Buckskin Joe, also known as Laurette, is a deserted ghost town that once served as the county seat of Park County, then a reborn attraction, and finally dismantled and moved to a private ranch.
This once flourishing mining camp, located about two miles west of Alma, Colorado, started in 1859 when a prospector named Mr. Phillips filed a mining claim.
Phillips’ claim was soon taken over by Joseph Higgenbottom, who was known for wearing buckskin clothing. As more miners came to the area, the camp took on the name of “Buckskin Joe.”
Saturday, August 13
Details of this field trip has not yet been finalized. However, judging from prior gold panning events, it promises to be a fun time for both young and old.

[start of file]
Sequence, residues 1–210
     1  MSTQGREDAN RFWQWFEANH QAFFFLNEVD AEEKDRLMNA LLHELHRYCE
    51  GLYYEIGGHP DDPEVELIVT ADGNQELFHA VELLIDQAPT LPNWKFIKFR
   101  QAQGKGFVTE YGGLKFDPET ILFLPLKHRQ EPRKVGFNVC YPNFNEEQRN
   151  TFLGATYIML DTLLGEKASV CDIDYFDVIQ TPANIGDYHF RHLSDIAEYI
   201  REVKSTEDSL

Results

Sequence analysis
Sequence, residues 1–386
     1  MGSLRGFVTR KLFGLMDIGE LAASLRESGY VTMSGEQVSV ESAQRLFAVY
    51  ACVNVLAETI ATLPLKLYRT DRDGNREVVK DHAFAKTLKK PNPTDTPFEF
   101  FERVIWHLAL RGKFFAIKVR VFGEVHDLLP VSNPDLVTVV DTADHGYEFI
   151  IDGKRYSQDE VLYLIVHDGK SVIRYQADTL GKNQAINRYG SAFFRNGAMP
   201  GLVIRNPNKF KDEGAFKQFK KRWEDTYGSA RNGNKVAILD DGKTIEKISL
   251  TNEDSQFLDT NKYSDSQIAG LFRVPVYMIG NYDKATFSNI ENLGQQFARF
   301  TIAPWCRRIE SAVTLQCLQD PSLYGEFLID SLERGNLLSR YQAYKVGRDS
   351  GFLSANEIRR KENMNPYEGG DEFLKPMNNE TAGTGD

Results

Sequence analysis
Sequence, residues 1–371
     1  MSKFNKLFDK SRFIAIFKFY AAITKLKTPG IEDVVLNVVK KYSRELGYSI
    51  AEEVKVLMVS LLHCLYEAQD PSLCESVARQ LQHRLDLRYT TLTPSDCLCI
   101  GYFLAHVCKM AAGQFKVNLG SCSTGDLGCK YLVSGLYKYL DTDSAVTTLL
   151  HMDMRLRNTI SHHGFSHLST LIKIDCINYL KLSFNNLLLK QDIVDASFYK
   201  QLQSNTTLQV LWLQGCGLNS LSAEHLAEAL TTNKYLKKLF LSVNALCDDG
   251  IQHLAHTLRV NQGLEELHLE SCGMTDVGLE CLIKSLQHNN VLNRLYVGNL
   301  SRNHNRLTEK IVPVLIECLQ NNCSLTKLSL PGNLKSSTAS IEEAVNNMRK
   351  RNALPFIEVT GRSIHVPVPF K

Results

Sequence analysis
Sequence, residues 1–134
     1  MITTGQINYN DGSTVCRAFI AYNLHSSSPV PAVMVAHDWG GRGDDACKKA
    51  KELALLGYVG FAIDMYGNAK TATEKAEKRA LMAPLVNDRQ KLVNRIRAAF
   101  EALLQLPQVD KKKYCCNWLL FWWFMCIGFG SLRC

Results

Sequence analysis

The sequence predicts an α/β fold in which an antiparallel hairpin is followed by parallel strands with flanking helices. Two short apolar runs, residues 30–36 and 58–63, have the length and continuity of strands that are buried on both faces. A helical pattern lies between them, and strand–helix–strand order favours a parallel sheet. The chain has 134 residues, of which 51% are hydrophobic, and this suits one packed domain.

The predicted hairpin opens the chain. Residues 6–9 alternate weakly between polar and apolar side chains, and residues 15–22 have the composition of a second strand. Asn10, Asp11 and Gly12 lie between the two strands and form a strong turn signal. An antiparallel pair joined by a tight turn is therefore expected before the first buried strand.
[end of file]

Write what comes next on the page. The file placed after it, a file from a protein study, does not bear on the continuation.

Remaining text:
As reported earlier and thanks to volunteers, significant progress has been made restoring the 10600 Caboose. While we are extremely grateful for the hard work of our volunteers, our desire to finish the restoration is great and our patience has grown thin. We are going to try another path.
We are fortunate to employ the services of a "handyman". I hesitate to use that term as he is a craftsman of many talents. However, we have little resources to fund such an endeavor.
We have applied for a grant from the Rocky Mountain Railroad Historical Foundation. The amount of the grant request is small in comparison to the task at hand. However, we are prepared to "take up the slack" and commit funds to complete the project.
We will not know until June if we are fortunate to receive the grant. That uncertainty will not stop us from beginning the caboose restoration later this month. Hopefully, our commitment to this project will be supported by donations.